Burn After Reading

Rating: 3.75/5

Critic Rating: (3.75/5)

When the Coen Brothers decide to go on a diet, the dudes abide. “Burn After Reading” is a lean one – 96 featherweight minutes, many spent with characters who lie, cheat, steal, kill and obsess over fitness and physical beauty. And yet they are as likable a set of folks as you’ll find east of Brainerd. (You betcha!)


Lonely. Caring. Loving. Angry. Bitter. Sexy. Funny. Sad. Warm. For a no-sweat film created to showcase A-list actors doing zany stunts, “Burn After Reading” offers surprising three-dimensional depth. Let’s just say we get to know these people a heck of a lot better than anyone in “No Country for Old Men.”


It’s not likely to become a must-quote classic with its own annual festival, like “The Big Lebowski,” or a master class comedy crime thriller like “Fargo,” although “Burn” has pieces of both. In the pantheon of Coen films it belongs on the comedy rung below “Raising Arizona” and “O Brother, Where Art Thou?” (which I value most for its look and sound), but well above “Intolerable Cruelty” and the abominable “The Ladykillers.” (“Burn” shares the divorce theme with “Intolerable,” but divorce and Clooney are the only shared characteristics there.)


Linda Lizke (Frances McDormand) and Chad Feldheimer (Brad Pitt) work at Hardbodies Gym in the DC area. She’s a desperately chipper single woman of a certain age trying to raise money for four plastic surgeries. He’s a dim bulb of an exercise nut with a slack jaw and Ryan Seacrest hair.


She ends up the special lady friend of married lothario Harry Pfarrer (George Clooney) who likes to go for runs after afternoon delight. He’s also seeing Katie Cox (Tilda Swinton), the upper-crust wife of equally snooty Osborne Cox (John Malkovich) – a CIA analyst recently downgraded due to “a drinking problem,” who likes to work out on his boat to “Gilad’s Bodies in Motion.”


After losing his job, Osborne decides to write his memoirs. The memoirs end up saved on a disc and the disc ends up with Hardbodies staffer Manolo (Raul Aranas), who finds them “just lying there” in the ladies room. Chad gets the disc and sees an opportunity to play spy. Linda sees an opportunity to blackmail Osborne for her surgery money. Things go awry – even unexpectedly awry in a few shocking scenes – but no matter where the thriller/comedy goes, it stays a classic Coen product. Albeit lite.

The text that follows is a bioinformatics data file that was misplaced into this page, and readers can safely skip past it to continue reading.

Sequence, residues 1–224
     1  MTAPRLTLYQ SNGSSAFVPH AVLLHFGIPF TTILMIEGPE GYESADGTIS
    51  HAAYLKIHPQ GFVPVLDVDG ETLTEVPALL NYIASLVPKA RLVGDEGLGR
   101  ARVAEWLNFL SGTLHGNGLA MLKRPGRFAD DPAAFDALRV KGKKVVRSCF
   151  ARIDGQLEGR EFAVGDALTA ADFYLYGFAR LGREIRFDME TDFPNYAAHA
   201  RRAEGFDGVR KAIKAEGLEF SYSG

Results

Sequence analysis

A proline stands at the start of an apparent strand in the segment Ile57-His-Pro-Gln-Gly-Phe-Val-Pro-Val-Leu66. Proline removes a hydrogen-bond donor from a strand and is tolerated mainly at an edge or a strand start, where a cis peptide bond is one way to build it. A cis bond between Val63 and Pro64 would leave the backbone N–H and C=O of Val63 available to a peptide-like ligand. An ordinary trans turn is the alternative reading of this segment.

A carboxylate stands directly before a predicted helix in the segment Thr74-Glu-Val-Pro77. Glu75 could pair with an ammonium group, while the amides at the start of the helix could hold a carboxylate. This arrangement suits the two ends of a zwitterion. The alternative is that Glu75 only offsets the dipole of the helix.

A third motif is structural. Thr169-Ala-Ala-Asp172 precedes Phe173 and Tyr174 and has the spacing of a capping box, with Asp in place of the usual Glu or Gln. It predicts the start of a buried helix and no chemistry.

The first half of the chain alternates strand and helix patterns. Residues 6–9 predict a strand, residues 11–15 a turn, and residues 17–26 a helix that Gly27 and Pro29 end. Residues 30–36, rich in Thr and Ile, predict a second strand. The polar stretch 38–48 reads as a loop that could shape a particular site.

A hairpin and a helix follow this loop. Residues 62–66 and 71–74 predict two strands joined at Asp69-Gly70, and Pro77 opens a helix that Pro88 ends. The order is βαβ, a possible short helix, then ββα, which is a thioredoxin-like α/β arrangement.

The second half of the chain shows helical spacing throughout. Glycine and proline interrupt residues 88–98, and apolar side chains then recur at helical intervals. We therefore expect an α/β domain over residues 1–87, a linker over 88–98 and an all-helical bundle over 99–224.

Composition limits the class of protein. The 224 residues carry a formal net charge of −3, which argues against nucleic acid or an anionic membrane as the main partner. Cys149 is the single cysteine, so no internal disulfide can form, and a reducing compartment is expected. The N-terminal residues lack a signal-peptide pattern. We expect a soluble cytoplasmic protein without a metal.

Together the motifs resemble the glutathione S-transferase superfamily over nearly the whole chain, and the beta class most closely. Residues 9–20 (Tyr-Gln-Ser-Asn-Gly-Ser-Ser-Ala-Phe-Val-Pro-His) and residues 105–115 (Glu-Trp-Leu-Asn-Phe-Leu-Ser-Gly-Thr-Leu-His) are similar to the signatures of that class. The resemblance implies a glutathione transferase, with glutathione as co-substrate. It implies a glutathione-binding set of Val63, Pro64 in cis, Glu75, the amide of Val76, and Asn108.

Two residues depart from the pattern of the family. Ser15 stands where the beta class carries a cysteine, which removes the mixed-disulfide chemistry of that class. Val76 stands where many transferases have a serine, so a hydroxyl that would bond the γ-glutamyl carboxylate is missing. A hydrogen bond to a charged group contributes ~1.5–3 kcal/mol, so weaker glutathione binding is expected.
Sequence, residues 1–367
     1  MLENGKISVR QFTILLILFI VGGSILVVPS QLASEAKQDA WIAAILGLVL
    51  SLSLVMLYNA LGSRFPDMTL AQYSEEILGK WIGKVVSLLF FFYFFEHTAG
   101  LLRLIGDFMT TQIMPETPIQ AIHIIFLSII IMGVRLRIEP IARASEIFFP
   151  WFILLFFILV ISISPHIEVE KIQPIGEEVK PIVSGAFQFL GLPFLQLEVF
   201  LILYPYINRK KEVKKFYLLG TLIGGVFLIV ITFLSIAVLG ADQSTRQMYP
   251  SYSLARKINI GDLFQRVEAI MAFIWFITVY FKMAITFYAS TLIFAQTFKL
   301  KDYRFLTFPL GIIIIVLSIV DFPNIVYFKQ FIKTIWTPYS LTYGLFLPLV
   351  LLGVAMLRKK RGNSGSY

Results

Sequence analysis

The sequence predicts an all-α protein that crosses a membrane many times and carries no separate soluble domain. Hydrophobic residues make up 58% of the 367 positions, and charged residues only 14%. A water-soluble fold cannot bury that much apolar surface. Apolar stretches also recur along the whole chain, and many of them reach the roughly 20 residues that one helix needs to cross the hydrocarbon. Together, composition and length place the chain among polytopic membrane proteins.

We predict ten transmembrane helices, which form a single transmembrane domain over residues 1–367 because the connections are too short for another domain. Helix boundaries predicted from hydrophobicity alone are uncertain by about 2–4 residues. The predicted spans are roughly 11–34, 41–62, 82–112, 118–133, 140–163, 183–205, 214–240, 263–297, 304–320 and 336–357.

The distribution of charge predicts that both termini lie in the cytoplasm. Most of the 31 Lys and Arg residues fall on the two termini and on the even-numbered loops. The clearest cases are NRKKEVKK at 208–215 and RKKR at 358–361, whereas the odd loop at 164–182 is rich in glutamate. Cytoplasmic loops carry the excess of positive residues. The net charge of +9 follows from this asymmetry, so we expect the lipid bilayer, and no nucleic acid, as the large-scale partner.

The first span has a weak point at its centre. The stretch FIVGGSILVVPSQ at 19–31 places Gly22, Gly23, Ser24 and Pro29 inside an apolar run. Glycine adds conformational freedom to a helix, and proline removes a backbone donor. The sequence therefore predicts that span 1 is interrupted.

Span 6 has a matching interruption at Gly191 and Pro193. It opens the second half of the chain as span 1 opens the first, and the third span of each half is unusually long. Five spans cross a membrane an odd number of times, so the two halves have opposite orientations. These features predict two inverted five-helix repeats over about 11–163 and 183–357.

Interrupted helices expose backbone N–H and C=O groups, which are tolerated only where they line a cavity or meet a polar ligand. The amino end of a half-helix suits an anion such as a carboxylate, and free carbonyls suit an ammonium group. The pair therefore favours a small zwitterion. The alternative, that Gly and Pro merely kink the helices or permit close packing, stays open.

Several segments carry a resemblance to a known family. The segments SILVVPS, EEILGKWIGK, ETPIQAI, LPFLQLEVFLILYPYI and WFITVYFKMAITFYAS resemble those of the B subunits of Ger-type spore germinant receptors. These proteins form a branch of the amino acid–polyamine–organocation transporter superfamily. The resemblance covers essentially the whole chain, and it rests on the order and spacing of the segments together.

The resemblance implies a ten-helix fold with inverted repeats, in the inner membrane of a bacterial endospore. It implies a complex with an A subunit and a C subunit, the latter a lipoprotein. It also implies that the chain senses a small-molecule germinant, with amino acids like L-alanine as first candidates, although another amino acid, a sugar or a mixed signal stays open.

There’s the language, for one thing, which is one reason for the R rating. As in past scripts, especially “Lebowski,” there’s a repetitive cadence to the speech (“there’s no way, there’s no F–KING way…”). There’s the usual charmingly over-the-top doofuses. There’s some violence – but in an offhand we-couldn’t-help-ourselves way. Blood, simple. Not “Blood Simple.” There’s the disinterest in providing a tidy, happy ending. And there’s the fact that they wrote the script as well as directing, producing and editing – their usual MO, only temporarily discarded to adapt Cormac McCarthy’s book, “No Country For Old Men.”


But there’s something that felt a little less than organic about “Burn After Reading.” After watching the film I read a USA Today interview with the Coens where they said the plot started with the cast, thinking about what would be fun to see from them.


So, as noted in the article, they tailored the roles to the actors as opposed to casting for specific characters. John Malkovich as a human explosion. Clooney as a skeezy cheater who secretly loves his wife (and makes the most interesting thing for her in his spare time…). Tilda Swinton as a cold, snooty British bi—h — more alive here than her Oscar-winning turn in “Michael Clayton.”


McDormand, a Coen stalwart married to Joel, is winningly sly, insecure, pushy and lonely. She and Pitt are a wonderful BFF team. Pitt plays the most effusive, ebullient character since his electric turn in “12 Monkeys.” He lights up the screen. Watching him reminded me why this guy became such a hit – it wasn’t just those abs in “Thelma and Louise” (although they helped). Between “Monkeys,” “Fight Club,” “Snatch” and that stoner cameo in “True Romance,” this is a guy with genuine charisma, not just tabloid charisma.


Perhaps the biggest surprise is Richard Jenkins (part of my “Six Feet Under” family) as sweet, wonderful Ted, Linda and Chad’s manager at Hardbodies. He may be to “Burn” what Donny was to “Lebowski.” (With Manolo as the Jesus.)


There’s a reason the Coens are so valued – and have been since “Blood Simple” in 1984. Great writing, clean visual style, the sense to keep hiring Carter Burwell to do the score, and an unfailing eye for talent. Once they latch on to someone – McDormand, Clooney … usually John Turturro, Steve Buscemi, John Goodman – they keep them around and give them more good parts to work with. They’ve had a few missteps – “Ladkillers” and, for me, “The Hudsucker Proxy” – but for what’s going on 25 years they’ve been a trusted brand name for critical, if not always commercial, success.


So I give them the lion’s share of credit for the “Burn” cast being so spot-on. The tone, the delivery, the expressions. All over-the-top, all together. They picked the best and got the best. Funny that they did it for such a thin story, but when they put their Little Coen Urban Achievers to work, they really tie the film together. And proud we are of all of them. – (seacoastonline)

Give your rating:

We would like to hear your comments below: